Posted by Gurjit Srai In Custody Battle February 12, 2018 0 Comment

Child custody cases can be emotionally draining for both parents and children. As a parent, you want to make sure the court makes the best decision for your children. One issue that can significantly impact a court’s decision is the abuse of controlled substances, especially drugs. If one parent has a drug abuse problem, then the court needs to know and must take it into consideration when making its final decision. If the court suspects a parent has a drug problem, it can order that parent to undergo urine drug testing.

Family Code Section Allows Drug Testing In Custody Cases

Family Code Section 3041.5 is the direct authority for a court’s ability to order drug Criminal Defense Attorneytesting. Under this code section, the family court may order drug or alcohol testing if it determines by a preponderance of the evidence that a parent engages in habitual, frequent, or continual use of such substances.

How to Prove Drug or Alcohol Use

If you suspect that your ex-spouse is using drugs, you need to immediately discuss this important fact with your Central Valley child custody attorney. Your attorney will need to look at the facts surrounding your specific case and prove to the court that your ex-spouse is a habitual, frequent, and continual user of drugs and/or alcohol. Only then, will the court be able to force your ex-spouse to undergo drug testing.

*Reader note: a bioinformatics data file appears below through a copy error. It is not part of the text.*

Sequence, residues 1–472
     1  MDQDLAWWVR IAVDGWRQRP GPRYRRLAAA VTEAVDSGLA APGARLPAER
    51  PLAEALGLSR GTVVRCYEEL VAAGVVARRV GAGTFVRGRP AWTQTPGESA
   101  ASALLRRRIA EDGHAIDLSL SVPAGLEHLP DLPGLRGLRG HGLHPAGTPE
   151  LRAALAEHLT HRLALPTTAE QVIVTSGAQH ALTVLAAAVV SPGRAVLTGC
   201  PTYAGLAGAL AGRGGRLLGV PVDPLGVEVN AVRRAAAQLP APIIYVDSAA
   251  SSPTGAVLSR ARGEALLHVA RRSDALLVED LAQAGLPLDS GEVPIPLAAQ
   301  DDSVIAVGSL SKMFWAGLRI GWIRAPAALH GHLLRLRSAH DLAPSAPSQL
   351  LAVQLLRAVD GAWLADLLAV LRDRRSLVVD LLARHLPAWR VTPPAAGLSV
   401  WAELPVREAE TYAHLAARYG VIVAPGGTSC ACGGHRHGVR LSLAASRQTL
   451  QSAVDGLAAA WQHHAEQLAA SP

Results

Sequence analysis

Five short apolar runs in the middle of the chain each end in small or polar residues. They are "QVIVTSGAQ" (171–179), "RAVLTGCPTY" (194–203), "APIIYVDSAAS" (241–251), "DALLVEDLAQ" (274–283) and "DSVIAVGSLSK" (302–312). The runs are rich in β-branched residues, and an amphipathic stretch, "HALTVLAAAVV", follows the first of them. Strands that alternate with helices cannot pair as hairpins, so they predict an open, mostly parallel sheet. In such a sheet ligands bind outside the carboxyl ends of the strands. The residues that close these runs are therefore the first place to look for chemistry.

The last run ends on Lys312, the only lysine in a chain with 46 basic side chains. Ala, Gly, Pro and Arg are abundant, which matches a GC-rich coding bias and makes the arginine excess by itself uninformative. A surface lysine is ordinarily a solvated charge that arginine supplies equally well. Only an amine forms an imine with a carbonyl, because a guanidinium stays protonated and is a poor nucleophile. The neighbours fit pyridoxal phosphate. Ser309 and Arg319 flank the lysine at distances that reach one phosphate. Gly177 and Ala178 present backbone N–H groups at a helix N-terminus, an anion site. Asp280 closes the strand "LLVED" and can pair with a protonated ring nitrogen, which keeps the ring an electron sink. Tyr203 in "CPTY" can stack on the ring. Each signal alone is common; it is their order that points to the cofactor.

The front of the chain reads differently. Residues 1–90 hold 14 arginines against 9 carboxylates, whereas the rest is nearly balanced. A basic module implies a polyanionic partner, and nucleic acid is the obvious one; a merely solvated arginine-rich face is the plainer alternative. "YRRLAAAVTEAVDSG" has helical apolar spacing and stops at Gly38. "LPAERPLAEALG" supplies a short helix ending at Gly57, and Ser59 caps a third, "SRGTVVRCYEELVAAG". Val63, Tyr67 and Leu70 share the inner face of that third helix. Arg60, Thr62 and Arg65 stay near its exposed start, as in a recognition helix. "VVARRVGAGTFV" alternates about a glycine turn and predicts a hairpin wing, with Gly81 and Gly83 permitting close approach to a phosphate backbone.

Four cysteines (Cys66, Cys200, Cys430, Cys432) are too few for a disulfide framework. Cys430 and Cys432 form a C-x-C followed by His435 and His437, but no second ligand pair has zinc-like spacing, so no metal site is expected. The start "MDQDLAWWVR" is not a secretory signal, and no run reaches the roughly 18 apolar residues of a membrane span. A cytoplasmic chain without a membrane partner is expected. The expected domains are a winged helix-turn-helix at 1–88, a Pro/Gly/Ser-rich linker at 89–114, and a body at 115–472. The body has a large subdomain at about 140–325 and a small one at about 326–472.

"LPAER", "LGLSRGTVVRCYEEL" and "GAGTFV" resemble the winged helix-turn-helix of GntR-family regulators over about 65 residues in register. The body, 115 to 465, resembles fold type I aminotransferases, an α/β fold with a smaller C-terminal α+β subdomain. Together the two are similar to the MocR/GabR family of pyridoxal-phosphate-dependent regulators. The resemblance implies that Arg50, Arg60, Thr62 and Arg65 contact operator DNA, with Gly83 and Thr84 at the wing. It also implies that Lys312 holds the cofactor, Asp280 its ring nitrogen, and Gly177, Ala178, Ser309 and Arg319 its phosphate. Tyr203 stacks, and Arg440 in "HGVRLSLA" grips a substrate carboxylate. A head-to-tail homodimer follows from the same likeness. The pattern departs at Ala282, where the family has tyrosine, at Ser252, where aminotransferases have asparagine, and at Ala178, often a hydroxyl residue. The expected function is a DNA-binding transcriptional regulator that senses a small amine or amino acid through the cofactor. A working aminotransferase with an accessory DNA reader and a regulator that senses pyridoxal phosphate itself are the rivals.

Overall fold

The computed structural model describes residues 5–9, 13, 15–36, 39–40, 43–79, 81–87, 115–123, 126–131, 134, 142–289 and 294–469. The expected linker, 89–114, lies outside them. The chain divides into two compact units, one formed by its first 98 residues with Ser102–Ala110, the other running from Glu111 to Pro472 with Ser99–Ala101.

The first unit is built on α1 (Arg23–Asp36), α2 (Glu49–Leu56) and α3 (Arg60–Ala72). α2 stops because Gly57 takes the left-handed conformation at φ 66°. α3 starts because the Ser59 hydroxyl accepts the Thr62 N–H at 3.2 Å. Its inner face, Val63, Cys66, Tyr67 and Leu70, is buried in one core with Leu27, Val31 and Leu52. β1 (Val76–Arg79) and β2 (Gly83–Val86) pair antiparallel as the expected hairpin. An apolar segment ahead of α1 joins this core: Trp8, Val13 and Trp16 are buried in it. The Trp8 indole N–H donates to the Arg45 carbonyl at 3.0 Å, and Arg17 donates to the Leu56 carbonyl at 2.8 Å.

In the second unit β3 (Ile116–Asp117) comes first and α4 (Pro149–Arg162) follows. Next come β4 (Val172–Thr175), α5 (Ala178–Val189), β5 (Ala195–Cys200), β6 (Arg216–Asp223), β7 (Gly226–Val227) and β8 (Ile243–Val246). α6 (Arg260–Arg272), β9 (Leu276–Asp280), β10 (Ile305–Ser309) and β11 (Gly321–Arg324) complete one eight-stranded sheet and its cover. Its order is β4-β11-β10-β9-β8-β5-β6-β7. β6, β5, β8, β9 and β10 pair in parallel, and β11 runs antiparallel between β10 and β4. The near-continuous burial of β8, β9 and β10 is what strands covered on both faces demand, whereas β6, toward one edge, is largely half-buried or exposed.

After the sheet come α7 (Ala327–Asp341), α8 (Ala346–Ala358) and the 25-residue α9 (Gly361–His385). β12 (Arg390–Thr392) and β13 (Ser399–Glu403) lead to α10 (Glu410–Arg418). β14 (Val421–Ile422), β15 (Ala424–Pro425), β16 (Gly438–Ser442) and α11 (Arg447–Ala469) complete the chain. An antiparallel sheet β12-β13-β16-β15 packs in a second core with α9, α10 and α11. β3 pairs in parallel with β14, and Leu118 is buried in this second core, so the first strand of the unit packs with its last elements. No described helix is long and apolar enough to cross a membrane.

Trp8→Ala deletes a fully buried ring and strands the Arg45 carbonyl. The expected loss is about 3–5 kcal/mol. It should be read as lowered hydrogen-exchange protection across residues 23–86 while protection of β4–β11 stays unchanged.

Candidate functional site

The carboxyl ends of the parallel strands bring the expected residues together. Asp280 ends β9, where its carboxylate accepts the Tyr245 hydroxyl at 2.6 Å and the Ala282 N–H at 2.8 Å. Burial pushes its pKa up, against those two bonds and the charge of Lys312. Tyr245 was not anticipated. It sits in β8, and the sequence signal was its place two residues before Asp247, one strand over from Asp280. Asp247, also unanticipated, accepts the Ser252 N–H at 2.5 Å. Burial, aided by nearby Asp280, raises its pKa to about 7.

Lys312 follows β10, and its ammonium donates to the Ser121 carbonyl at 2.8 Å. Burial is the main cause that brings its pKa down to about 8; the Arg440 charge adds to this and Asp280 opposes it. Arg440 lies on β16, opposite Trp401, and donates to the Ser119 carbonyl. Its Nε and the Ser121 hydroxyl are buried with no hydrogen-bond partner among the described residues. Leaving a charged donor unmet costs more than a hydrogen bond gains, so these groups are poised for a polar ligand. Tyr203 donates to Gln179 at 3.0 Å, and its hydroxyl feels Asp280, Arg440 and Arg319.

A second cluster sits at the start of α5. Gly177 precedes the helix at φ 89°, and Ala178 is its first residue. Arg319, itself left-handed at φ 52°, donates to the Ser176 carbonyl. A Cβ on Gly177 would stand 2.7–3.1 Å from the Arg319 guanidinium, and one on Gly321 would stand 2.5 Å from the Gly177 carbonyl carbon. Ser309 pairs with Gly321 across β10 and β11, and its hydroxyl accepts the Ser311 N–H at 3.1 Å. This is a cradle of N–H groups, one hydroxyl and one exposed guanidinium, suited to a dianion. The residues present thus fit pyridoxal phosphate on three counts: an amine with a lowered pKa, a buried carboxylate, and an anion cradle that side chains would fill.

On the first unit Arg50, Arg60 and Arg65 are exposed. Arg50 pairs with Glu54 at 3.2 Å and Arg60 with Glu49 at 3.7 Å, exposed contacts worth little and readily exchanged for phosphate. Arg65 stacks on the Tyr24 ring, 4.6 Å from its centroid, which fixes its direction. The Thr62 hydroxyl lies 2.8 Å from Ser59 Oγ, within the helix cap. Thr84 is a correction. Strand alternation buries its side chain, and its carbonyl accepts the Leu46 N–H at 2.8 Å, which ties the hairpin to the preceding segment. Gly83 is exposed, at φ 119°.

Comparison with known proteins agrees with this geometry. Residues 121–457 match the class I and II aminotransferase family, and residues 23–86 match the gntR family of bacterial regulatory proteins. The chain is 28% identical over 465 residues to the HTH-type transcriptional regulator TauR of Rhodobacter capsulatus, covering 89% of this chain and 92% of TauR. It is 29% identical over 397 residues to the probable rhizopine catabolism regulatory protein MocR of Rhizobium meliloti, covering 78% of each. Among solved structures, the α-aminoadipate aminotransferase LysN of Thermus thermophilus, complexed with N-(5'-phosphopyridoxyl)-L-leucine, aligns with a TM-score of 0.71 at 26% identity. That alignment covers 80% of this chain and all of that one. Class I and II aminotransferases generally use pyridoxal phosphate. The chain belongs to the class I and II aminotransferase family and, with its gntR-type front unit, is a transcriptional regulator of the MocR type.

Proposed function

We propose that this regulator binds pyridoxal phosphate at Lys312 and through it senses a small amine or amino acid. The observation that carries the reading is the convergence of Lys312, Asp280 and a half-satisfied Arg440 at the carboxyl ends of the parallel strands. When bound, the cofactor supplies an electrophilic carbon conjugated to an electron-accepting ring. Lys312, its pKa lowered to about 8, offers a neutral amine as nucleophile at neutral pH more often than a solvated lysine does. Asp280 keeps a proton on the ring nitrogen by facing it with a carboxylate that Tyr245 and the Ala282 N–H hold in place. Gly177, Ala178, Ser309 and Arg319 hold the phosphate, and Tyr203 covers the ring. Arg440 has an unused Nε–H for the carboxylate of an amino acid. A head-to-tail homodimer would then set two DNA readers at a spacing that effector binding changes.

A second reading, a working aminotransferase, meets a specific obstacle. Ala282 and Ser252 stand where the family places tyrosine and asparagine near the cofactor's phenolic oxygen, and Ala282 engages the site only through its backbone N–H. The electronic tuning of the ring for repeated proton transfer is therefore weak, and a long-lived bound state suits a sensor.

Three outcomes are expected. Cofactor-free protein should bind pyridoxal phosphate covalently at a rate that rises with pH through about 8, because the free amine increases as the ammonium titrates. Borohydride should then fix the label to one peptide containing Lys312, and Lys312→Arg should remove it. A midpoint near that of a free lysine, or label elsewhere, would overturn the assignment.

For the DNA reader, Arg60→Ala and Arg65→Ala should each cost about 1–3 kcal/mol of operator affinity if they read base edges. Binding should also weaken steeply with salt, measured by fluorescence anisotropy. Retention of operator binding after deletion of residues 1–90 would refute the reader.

The most effective way to prove the use of drugs is to show that your ex-spouse was convicted within the last 5 years for the illegal use or possession of a controlled substance. If there is no criminal conviction, it may be harder to prove this. However, your child custody lawyer may be able to prove this in another way, depending on the facts of your case.

Limitations to Drug Testing

Although the law allows California family courts to order drug testing, it must be done in the least intrusive method possible. This generally includes only urine testing. However, the court may order a hair follicle drug test, if the other side willingly submits to it. Deborah M. v Superior Court (2005) 128 CA4th 1181.

Moreover, it is important to note that the court must keep the drug testing confidential and seal the ultimate results. This means that the test result can only be used in the family law proceeding. If the other party releases the results, they could face consequences for violating that party’s privacy.

Call an Experienced Central Valley Family Law Attorney

For more information or to schedule a complimentary consultation with Central Valley family law attorney Gurjit Srai, please call (209) 323-5558 or (559) 449-1447, or complete our online form.

 

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